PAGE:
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March 26, 1998


The opinion of the court was delivered by: CHIN


 Before going on maternity leave, plaintiff in this action purportedly agreed with her employer that she would return to work on a certain date. While she was on maternity leave, her supervisor ordered her back to work nearly a month early, disavowing any agreement on her return date and stating that she was not entitled to any additional time off. Plaintiff did not return to work as ordered by her supervisor and she was fired. She brings this action against her former employer, Association of Reform Zionists of America ("AZRA"), and its affiliate, Union of American Hebrew Congregations ("UAHC"), alleging that they discriminated against her by terminating her employment because of her decision to have a child and continue working. Plaintiff also claims that she and her employer entered into an enforceable oral contract extending the date she was to return to work and that her employer failed to notify her of the continuation of her health insurance benefits after the termination of her employment.

 Defendants move for summary judgment on each of plaintiff's claims. For the reasons stated herein, the motion for summary judgment is denied as to the discrimination claim and granted as to the remaining claims.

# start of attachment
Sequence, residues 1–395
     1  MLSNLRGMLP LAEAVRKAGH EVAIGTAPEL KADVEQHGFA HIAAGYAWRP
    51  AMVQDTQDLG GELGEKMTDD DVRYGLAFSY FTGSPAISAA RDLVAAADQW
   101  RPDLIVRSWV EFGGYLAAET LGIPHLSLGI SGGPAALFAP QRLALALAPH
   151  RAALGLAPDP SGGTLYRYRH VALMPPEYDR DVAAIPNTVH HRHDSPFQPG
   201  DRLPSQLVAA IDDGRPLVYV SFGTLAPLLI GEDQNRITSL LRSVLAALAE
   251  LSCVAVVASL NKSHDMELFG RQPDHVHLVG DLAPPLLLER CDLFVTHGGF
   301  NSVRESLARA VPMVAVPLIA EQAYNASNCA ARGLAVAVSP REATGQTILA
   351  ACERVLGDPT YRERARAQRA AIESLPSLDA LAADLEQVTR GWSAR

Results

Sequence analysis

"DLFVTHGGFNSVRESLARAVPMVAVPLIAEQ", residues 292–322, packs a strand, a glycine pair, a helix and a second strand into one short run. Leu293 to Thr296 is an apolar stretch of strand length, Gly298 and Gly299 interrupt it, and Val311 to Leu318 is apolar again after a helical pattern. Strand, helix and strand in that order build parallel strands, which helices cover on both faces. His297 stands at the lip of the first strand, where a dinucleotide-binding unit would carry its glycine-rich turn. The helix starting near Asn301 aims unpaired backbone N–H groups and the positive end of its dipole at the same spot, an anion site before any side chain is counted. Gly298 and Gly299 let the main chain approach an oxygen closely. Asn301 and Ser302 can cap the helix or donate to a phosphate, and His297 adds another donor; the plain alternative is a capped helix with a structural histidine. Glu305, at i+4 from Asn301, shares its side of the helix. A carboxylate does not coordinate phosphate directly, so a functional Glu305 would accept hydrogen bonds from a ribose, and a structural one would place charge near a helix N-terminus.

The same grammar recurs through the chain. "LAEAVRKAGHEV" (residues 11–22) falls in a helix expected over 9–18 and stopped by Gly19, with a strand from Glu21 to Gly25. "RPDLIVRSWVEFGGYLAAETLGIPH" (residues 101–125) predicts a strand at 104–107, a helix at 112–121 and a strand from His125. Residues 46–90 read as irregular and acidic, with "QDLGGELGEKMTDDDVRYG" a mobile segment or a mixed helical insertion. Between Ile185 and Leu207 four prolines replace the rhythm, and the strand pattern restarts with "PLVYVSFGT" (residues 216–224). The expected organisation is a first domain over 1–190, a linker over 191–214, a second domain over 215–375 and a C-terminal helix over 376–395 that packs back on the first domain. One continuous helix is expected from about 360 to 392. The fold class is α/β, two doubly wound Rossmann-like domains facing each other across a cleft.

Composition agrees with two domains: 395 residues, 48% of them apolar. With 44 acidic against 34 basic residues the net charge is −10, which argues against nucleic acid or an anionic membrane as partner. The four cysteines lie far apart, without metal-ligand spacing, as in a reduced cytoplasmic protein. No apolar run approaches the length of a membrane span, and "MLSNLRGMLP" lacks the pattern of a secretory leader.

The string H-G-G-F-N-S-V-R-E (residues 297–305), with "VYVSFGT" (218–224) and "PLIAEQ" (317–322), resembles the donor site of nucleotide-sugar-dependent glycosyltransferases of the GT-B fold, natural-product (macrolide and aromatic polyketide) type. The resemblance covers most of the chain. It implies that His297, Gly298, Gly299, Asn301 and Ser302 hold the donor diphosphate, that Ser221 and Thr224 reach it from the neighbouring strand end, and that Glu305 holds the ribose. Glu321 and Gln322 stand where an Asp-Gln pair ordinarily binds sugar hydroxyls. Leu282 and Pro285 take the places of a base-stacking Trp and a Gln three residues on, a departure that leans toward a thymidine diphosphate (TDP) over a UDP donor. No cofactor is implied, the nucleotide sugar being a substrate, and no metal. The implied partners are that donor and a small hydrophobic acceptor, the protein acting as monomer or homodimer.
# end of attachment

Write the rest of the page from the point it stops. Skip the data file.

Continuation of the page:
A. The Facts

 Plaintiff was employed as AZRA's Assistant Director from May 1993 until her dismissal in April 1995. She reported directly to AZRA's Executive Director, Ammiel Hirsch. The parties do not dispute that plaintiff's work performance was satisfactory throughout her employment.

 In June 1994, plaintiff notified AZRA that she was pregnant and expected to deliver in January 1995. (Feinberg Aff., Ex. C at 72). At that time, requests by AZRA employees for maternity and paternity leave were to be governed by "the general 'Leave of Absence Policy' of the UAHC and affiliates in effect at the time of the request." (Shafrir Aff., Ex. 3 at 14). When plaintiff's maternity leave began in January 1995, UAHC had a new "Family and Medical Unpaid Leave of Absence Policy" in effect.(See Feinberg Aff., Ex. J effective 11/15/94). This policy granted employees "unpaid leaves of absences up to 12 weeks within a 52 week period . . . ." (Id.). Notwithstanding this language, the parties agree that plaintiff was entitled to twelve weeks of maternity leave -- 6 weeks paid and 6 weeks unpaid. (See, e.g., Feinberg Aff., Ex. 3 at 134; Defs. Rule 56.1 Statement at P 9).